The Arctic airmass that has settled into the Plains will continue to spread record cold temperatures south and eastward into the Ohio Valley and down into the southern Plains today, November 12. The storm is also affecting Canadian Maritimes since November 11.
The Arctic storm has begun impacting the Canadian Maritimes late Monday, November 11. Wind gusts are expected to be around 50 to 70 km/h (31 to 43 mph), or even higher in parts of Nova Scotia, Newfoundland.
According to the Weather Network, the snow was coming down in earnest across much of New Brunswick in the evening during the same period and will last longest in the area, still falling for some residents by Tuesday evening, November 12.
— My New Brunswick (@mynewbrunswick) November 12, 2019
Locals across the Gulf can expect the snow by Tuesday morning, but largely confined to the western half of the island and heaviest on the Great Northern Peninsula.
Moreover, rain from the overnight will continue into Tuesday morning for most of Nova Scotia, lasting through the day in most areas. In Newfoundland, the heaviest downpours will be in the western portion.
— Zander Doyle (@zandoyle_) November 12, 2019
However, a warm front will slide through the region by the morning as it crosses New Brunswick. Locals in southern areas of the province around the Bay of Fundy will experience a switchover to rain. A transition of ice pellets is also likely, especially in central and northern parts, before another possible second round of snow falls into the evening. There will be freezing rain in the western parts of the island by early afternoon.
The said warm front will set the Atlantic region apart of Ontario in Quebec in one other way – it will make temperatures above the freezing point for most of the region.
— Marta Czurylowicz (@martaczur) November 11, 2019
Once the system moves out by Wednesday morning, November 13, there will be a switch in temperatures across Atlantic Canada while most of the Maritimes.
"A system tracking to the north will drag another cold front across the region Friday night and Saturday with rain and snow showers expected once again," said meteorologist Dr. Doug Gillham.
Image credit: NOAA/GOES-East
Image credit: Windy (temperature in °C, GFS, November 12)
Meanwhile, according to NWS, widespread record cold is spreading from the Plains eastward toward the East Coast.
Early season snow across western to northern New York and northern New England will eventually diminish during the same period.
Active Lake Effect snows will continue downwind of the Great Lakes.
Persistent warm and dry weather over the west will continue to raise fire weather threats for parts of southern California.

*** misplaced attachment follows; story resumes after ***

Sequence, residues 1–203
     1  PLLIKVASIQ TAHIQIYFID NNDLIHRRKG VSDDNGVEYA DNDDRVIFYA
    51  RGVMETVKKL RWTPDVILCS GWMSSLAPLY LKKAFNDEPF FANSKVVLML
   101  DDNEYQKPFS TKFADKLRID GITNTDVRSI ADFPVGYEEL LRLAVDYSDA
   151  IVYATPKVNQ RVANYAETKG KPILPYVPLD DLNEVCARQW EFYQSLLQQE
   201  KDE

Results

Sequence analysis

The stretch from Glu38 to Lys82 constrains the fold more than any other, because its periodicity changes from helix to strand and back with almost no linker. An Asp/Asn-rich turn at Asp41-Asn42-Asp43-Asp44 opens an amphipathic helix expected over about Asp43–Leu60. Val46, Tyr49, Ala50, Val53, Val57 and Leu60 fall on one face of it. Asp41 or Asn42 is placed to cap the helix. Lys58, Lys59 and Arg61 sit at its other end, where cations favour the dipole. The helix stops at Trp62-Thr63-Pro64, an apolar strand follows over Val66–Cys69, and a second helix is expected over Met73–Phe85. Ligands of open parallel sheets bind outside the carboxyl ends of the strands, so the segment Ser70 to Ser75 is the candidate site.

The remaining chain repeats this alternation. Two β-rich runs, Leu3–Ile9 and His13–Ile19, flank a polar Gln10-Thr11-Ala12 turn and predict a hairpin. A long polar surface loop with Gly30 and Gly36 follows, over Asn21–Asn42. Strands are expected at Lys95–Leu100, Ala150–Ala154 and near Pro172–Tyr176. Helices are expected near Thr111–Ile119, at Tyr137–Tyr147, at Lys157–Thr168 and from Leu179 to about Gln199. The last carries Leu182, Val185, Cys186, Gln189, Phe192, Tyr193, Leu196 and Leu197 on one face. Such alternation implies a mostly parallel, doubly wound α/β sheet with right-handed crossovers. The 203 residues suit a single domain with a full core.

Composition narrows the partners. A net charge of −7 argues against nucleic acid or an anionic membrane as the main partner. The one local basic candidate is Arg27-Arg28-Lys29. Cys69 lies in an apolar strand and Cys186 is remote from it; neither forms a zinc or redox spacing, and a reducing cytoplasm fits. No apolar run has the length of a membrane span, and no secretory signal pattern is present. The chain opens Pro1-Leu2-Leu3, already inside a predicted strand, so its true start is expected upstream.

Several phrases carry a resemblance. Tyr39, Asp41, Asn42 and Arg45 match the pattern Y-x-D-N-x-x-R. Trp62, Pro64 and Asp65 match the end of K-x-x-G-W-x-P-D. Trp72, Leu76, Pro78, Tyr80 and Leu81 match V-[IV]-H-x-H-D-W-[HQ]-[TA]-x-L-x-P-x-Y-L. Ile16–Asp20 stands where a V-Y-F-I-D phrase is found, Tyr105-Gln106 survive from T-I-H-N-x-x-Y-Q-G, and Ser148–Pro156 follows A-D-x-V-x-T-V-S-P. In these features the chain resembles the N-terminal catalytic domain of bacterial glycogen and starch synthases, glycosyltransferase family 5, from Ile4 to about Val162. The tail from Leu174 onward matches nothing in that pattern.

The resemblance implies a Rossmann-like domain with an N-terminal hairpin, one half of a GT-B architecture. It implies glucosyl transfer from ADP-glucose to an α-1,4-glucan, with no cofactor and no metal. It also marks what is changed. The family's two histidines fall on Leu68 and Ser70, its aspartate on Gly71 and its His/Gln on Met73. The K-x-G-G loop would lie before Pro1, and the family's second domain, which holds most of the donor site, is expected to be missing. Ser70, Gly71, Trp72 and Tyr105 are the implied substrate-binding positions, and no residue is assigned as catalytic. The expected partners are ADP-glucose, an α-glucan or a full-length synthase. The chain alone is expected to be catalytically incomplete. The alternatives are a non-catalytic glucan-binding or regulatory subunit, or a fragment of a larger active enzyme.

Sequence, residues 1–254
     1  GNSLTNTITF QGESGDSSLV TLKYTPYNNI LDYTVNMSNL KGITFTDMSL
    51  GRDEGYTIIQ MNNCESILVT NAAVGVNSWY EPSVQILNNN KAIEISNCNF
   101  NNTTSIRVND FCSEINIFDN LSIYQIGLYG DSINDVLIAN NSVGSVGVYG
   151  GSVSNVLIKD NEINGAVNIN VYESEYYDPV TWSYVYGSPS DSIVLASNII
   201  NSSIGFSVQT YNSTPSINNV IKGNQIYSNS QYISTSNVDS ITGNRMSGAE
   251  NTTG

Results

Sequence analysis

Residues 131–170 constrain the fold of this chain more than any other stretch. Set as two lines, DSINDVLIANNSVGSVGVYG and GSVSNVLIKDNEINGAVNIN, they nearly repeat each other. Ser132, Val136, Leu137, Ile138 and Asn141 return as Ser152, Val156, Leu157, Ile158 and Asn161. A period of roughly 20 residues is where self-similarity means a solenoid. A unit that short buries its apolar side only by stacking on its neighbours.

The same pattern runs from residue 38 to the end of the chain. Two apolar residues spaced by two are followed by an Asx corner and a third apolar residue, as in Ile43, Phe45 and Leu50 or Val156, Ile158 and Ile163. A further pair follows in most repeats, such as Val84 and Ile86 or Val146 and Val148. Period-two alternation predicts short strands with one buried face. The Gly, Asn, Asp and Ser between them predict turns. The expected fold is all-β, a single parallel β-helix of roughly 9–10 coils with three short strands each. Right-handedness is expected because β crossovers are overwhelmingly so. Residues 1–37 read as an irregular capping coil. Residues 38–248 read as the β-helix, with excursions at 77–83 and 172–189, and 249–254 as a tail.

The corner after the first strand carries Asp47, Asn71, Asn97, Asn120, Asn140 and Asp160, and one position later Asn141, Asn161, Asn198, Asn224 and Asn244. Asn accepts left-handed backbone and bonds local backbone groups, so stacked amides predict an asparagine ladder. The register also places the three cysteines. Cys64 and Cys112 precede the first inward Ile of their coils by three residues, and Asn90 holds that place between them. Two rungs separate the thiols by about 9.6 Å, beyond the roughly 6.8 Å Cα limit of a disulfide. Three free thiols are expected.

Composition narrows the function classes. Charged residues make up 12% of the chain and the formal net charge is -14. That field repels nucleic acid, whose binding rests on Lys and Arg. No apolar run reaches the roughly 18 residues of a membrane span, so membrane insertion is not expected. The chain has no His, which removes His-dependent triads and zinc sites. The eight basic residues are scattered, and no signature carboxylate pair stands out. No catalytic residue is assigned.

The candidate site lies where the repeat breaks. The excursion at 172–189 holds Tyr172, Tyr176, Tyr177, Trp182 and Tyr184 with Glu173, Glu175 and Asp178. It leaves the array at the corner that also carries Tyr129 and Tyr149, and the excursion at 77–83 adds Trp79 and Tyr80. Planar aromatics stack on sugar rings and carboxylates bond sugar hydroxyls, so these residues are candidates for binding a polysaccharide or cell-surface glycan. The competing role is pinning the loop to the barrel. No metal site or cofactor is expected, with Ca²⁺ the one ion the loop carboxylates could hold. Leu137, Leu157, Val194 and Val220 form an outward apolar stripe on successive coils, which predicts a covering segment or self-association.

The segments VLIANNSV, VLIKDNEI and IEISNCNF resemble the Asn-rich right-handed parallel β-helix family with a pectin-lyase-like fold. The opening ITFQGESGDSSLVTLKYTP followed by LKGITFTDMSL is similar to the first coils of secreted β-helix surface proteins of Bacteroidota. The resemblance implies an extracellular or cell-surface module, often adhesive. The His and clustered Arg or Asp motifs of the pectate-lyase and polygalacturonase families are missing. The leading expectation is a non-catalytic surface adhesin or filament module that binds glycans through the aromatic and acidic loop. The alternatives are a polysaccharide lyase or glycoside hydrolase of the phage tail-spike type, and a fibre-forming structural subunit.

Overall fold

The arctic airmass that has settled into the Plains will keep spreading record cold temperatures south and eastward into the Ohio Valley and down into the southern Plains on the same day.
By Wednesday morning, November 13, record low temperatures will be typical along most of the East Coast areas, the Ohio Valley, and down as far south as the upper Texas coast, making it seem like the middle of winter.
The arctic outbreak will start into moderate on Thursday, November 14, as the center of the expansive, high-pressure system begins to head off the New England toward the Canadian Maritimes.
Furthermore, along with the arctic chill is an area of low pressure forming along the front, which is bringing a wide swath of snow from Tennessee Valey, along the Appalachians and upstate New York, into northern New England.
Most of the snow is expected to turn into flurries later on November 12 as the low-pressure center quickly intensifies and moves into the Canadian Maritimes. Likewise, the rain will head rapidly across the Deep South and the Southeast prior to the arrival of the arctic chill.
Florida will see showers into November 14. By early Thursday, an upper-level disturbance arriving from northern Mexico will increase the possibilities of rain along the Gulf Coast as a coastal front develops offshore.
As opposed to the record cold in the central and eastern US, much above average temperatures are expected across the West into the Great Basin and Rockies.
The next upper-level disturbance hovering onshore across the Pacific Northwest will spread snow and mixed precipitation through the inner sections of the Northwest and the northern Rockies on November 12, with light accumulations expected.
Light snow and mixed precipitation are predicted to move rapidly across the central Plains on November 13, before reaching the Great Lakes early on November 14.
In Chicago, a plane slid off a runway on Monday, November 11, due to icy conditions. According to American Airlines, all 38 passengers and three crew members were removed from the aircraft of American Eagle flight 4125 and were sent back to the terminal safely.
No injuries were reported, the Chicago Fire Department confirmed.
Featured image credit: Windy (temparature in °C)
If you value what we do here, open your ad-free account and support our journalism.
Producing content you read on this website takes a lot of time, effort, and hard work. If you value what we do here, select the level of your support and register your account.
Your support makes this project fully self-sustainable and keeps us independent and focused on the content we love to create and share.
All our supporters can browse the website without ads, allowing much faster speeds and a clean interface. Your comments will be instantly approved and you’ll have a direct line of communication with us from within your account dashboard. You can suggest new features and apps and you’ll be able to use them before they go live.
You can choose the level of your support.
Stay kind, vigilant and ready!